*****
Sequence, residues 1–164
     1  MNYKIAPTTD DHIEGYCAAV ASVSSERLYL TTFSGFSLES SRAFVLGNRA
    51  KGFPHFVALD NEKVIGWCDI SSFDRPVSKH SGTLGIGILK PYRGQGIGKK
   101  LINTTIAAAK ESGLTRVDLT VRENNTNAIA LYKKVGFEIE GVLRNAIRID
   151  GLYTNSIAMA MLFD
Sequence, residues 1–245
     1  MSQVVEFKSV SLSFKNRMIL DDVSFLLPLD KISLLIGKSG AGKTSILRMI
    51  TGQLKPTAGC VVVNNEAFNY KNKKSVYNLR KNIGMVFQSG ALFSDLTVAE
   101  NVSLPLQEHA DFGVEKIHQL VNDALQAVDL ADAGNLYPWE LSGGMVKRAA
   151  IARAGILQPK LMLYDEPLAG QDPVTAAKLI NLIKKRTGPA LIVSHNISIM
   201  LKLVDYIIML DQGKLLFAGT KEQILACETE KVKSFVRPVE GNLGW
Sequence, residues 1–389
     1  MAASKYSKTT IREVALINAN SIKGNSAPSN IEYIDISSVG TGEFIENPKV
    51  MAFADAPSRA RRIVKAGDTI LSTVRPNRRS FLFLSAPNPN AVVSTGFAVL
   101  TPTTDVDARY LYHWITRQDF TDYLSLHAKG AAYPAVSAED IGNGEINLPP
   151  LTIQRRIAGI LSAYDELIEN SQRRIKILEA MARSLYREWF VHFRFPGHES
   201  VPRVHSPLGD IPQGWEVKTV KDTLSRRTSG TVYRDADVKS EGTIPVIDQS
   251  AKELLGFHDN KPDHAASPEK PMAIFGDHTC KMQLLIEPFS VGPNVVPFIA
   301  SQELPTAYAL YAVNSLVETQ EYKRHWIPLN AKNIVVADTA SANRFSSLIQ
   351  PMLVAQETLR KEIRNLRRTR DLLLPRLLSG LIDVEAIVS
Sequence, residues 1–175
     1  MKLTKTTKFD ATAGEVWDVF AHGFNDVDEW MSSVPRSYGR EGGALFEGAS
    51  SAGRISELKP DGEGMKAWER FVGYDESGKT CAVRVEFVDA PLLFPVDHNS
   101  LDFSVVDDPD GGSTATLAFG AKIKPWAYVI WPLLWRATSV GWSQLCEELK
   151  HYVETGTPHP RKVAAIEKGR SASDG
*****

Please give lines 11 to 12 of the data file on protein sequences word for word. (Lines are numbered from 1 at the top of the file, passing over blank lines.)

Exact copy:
   201  LKLVDYIIML DQGKLLFAGT KEQILACETE KVKSFVRPVE GNLGW
Sequence, residues 1–389